By: Andrew Dunn
Looking back, the first thing we ought to have worried about were the snowflakes. Every last danged one of them was just alike. Down to every single detail. I swear if you looked close enough at them before they began to melt you could see a skull on each vane radiating out from the center.
Piled deep two or three feet all those snowflakes would take some time to melt away. Everybody accepted that. But May? It seemed strange to still have snow on the ground that late in the year where we were.
When it did melt, bit by bit, on those rare warm days that we all looked forward to, the water wasn’t right. I’ve thought a lot about it. Maybe too much about it. But the way I remember, it was the water that made things change.
Even me I guess. Did anyone have a choice? There isn’t really any way to go through life without crossing paths with water at some point. Even a cactus in the desert needs water once in a while. I noticed the effects too late I think. After the headaches and that dull feeling settled in.
When they showed up, most people were so numbed to it all they just copied it all on their social media and that was it. Easily the most monumental event in all human history passed by as a hashtag. When they showed up, if I remember right everybody suddenly became thirstier and thirstier.
For water, clear and clean washing cold through the mouth and into one’s spirt. You could feel the water as it went down. Each gulp moving slow and easy. Refreshing. Pure. Natural.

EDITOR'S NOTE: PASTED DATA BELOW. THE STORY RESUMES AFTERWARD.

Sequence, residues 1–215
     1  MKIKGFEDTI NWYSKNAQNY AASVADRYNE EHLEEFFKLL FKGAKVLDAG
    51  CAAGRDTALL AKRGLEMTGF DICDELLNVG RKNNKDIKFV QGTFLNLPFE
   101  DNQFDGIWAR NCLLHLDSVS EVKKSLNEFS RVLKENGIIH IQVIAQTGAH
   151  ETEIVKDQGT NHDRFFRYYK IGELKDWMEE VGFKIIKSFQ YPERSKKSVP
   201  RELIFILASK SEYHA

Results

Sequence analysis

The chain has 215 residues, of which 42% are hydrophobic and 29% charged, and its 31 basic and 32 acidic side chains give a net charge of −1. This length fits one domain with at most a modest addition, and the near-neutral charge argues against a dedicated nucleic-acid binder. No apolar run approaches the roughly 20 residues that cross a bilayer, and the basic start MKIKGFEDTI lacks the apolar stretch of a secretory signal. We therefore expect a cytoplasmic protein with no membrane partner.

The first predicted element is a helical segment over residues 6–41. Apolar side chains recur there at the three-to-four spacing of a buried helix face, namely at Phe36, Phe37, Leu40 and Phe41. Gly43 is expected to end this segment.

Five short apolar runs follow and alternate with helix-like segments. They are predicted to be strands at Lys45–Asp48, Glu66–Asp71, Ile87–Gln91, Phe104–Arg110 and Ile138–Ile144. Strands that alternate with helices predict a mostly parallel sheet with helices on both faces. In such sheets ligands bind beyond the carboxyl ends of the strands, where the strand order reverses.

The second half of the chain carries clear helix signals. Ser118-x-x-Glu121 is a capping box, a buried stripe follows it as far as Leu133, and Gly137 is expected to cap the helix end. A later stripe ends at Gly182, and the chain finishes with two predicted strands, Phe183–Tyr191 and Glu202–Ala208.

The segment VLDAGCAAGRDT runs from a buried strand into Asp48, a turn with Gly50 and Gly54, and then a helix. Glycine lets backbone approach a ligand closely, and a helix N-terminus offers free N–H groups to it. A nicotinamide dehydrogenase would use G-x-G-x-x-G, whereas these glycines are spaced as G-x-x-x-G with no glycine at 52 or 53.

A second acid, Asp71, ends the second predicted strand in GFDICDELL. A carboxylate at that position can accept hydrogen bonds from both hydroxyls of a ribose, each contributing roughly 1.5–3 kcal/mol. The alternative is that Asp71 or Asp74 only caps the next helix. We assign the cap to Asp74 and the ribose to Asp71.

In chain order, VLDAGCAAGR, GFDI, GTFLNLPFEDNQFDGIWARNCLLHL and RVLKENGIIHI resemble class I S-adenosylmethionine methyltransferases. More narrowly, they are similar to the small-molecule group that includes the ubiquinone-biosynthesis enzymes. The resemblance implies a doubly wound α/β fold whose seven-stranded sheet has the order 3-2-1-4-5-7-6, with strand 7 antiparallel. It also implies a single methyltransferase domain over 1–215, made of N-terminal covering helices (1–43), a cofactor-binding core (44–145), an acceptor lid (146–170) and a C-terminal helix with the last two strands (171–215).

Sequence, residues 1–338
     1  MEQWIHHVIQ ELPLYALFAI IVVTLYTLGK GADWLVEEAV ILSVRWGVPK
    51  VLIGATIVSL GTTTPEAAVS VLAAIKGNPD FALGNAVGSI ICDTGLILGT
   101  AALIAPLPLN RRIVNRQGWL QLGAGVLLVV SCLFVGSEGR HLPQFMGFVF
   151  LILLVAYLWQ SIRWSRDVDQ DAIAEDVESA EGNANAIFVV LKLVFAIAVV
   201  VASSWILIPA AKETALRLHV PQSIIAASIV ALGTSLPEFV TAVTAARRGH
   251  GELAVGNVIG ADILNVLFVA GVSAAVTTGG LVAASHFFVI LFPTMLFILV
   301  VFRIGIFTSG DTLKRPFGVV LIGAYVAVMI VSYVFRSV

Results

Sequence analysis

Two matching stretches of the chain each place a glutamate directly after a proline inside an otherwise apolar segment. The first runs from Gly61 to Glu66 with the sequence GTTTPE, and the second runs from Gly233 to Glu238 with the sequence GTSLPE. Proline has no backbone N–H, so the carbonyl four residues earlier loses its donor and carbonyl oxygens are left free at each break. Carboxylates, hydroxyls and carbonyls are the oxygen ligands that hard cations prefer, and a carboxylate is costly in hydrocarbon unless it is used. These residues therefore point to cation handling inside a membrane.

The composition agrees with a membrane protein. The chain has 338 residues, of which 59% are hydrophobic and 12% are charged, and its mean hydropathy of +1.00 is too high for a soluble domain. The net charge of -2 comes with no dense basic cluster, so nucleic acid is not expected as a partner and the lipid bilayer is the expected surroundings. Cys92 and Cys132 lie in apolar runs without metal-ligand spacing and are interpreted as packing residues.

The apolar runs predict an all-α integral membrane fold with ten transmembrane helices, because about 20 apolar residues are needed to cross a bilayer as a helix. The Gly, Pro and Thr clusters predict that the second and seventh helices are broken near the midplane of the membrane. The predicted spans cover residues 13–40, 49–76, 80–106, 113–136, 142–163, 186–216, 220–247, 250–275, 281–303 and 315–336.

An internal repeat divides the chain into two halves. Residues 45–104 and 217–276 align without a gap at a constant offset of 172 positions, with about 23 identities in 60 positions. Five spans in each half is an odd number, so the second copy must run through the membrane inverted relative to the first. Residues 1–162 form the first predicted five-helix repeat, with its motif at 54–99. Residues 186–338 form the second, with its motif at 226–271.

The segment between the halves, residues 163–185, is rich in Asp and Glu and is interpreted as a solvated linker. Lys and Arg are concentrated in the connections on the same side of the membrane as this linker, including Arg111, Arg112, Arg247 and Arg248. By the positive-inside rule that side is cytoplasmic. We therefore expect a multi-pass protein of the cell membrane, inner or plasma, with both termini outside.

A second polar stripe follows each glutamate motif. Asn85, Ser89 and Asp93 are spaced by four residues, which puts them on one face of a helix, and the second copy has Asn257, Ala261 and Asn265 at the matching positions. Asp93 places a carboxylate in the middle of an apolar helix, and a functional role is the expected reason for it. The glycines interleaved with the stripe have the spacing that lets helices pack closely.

Didn’t they tell us when we were kids that every snowflake was unique? I think they did. No two snowflakes had a twin. Ever.
Except now they did. All of them were the same. Identical. I know. I spent hours staring at them with a microscope I dug out of a chemistry set. Sitting there in the snow until frostbite threatened, I looked at snowflake after snowflake after snowflake and copied what I saw into notebooks.
Between October and May I filled up 42 notebooks with the same sketch. Eight-vaned snowflakes every last one of them identical with a skull in the same spot on each vane.
They said the best water was in the snow and since it wasn’t going anywhere, you could just take a cup outside and scoop up an ice cold drink. Some added things like lemon or lime to theirs. Once in a while I’d pour in a shot of bourbon. Everyone was so thirsty. So very thirsty.
At night I had vivid dreams. In my dreams I had climbed from bed, opened the window, and on all fours I bolted to find snow. Big drifts of it in a clearing way past the woods. When I found it I ate handful after handful after handful. I couldn’t get enough. When I woke I was tired and sore. And thirsty. The thirst never went away.
When the leaders of the world signed things over to them, nobody really cared. I know I didn’t. That’s not true. I think many hoped that they’d be able to help us figure things out. Like the snowflakes. In notebook #43 on page 37 I wrote “what is happening to us?”. I wondered why there were animal tracks leading from the back of the house out toward the woods. I promised myself over and over that one day I’d follow the animal tracks.
I think it was a Tuesday when I went down to the warehouse. I hadn’t been there in a long time. I thought they might call me and ask me why I hadn’t shown up for work. They never did. When I got there I understood why. No one else had shown up either. That’s how things were. Satisfying that never ending thirst somehow became the central focus in life.